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what gauge for 3hp Unisaw leed in wire?

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Forum topic by KipD posted 03-03-2018 03:29 AM 464 views 0 times favorited 7 replies Add to Favorites Watch
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KipD

17 posts in 294 days


03-03-2018 03:29 AM

1989 34-806 type 2 Unisaw has new Leeson 3hp single phase 230V motor 120728.00, with full load 13 amps. I would like to put a longer lead in wire- like 15 to 20’. I am using 6-20 NEMA type plug/receptacles. I have some nice Carol SJO 12-3 12 gauge wire. I want to know if this meets requirements. I contacted Leeson- and they referred me to some distributors. But people couldn’t tell me- or possibly didn’t understand what I was asking. I’m not asking about the wire being run in the walls- I’m talking about the wire that’s connected to the table saw that’s got the male plug that goes in the wall. I’m pretty sure 12 gauge is fine for a standard 8 or 10 foot power cord (and I think stock may be 14ga?)- but I don’t know what length before you have to switch to 10 gauge. I know….. 10 gauge “would be nice”- or “adequate”. But I would like to know how to calculate minimum wire gauge needed at longer lengths.

Thanks, Kip…...


7 replies so far

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MrUnix

7046 posts in 2400 days


#1 posted 03-03-2018 03:50 AM

12ga is fine. (here is a handy chart)

Cheers,
Brad

-- Brad in FL - In Dog I trust... everything else is questionable

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ArtMann

1142 posts in 1017 days


#2 posted 03-03-2018 04:05 AM

Let’s just do a little math here as an example. Suppose you have a 25 foot extension cord and the saw is drawing 13 amps. The current actually has to travel through 50 feet of wire.

10 AWG is about 0.00125 ohms per foot. The voltage drop would then be 50 X .00125 X 13 = 0.81 volts drop

12 AWG is about 0.0016 ohms per foot. In this case 50 X .0016 X 13 = 1.04 volts drop

14 AWG voltage drop would be 50 X .0025 X 13 = 1.63 volts drop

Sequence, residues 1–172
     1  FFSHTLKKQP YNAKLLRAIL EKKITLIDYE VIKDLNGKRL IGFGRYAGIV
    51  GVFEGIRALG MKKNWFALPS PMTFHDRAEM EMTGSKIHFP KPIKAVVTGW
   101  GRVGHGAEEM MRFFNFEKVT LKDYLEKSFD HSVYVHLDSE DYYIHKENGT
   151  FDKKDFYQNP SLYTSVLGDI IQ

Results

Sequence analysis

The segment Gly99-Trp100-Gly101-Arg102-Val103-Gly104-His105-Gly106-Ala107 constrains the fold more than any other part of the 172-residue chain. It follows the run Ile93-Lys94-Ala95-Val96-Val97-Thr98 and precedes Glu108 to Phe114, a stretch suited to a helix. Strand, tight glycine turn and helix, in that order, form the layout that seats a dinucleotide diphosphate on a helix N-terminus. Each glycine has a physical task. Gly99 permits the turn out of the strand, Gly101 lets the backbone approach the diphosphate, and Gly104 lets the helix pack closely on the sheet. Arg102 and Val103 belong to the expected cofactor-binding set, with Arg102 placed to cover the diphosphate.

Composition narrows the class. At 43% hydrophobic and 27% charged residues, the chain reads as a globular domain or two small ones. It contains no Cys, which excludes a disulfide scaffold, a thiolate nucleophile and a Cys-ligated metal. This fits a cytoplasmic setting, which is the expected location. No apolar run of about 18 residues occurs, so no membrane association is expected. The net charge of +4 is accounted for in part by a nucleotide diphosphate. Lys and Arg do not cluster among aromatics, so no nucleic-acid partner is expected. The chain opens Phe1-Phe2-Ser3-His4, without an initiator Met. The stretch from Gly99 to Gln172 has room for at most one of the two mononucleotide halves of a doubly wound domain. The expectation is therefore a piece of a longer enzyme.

AS you can see, 12 AWG is more than adequate and 14 AWG isn’t all that bad, assuming the voltage starts off at the right level. You are right in assuming that the length of wire can make a difference but not enough to matter in this case.

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KipD

17 posts in 294 days


#3 posted 03-03-2018 08:20 PM

Thanks- very helpful.

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KipD

17 posts in 294 days


#4 posted 03-05-2018 02:14 AM

Found a nice and simple Siemens Excel calculator at “DA estimated voltage drop calculator xls”. You can input your values for a detailed calculation. Did not post screen shot because, last I checked, Photobucket was wacky. I’ll check again- want to be able to post pictures.

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MrUnix

7046 posts in 2400 days


#5 posted 03-05-2018 02:18 AM

There are a bunch of calculators on-line – most of the major wire manufacturers have them.

Cheers,
Brad

PS: There is no need for photobucket or paying their ransom… you can upload pictures directly to this site.

-- Brad in FL - In Dog I trust... everything else is questionable

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coxhaus

93 posts in 1095 days


#6 posted 03-06-2018 04:46 AM

My old Unisaw has a 3 hp motor and is rated for 16 amps @240v. Weird there is a 3 amp difference between motors.

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KipD

17 posts in 294 days


#7 posted 03-06-2018 10:07 AM


My old Unisaw has a 3 hp motor and is rated for 16 amps @240v. Weird there is a 3 amp difference between motors.

- coxhaus

Yah…. learning about this stuff. I do know that the Rigid 4512 with 1 1/2HP motor is rated at 13 amps @ 115V- so that’s a similar spec. The Leeson motor that comes with my saw and is the same one as shown in the spec sheet I attached, I think is new/current and/or recent design. I hope it’s as good as it’s expensive: cheapest online price $550….. list $1200 (!?).

If ratings are accurately and honestly done, this might mean that my 13A Unisaw motor is more effecient: created 3HP at 13 amps- like miles per gallon with a car. I have made a “Y” cheater cord using two household 115V outlets from opposing service legs to get 230V to test my Unisaw- this will give me an opportunity to measure amps with clamp-on ammeter.. Curious to see what start-up amps are. Then, I will try to put a load on it by cutting some hard wood to get a feel for amps and what “full load” and 3HP is like. My guess is that I won’t want to push it to more that 8 amps.

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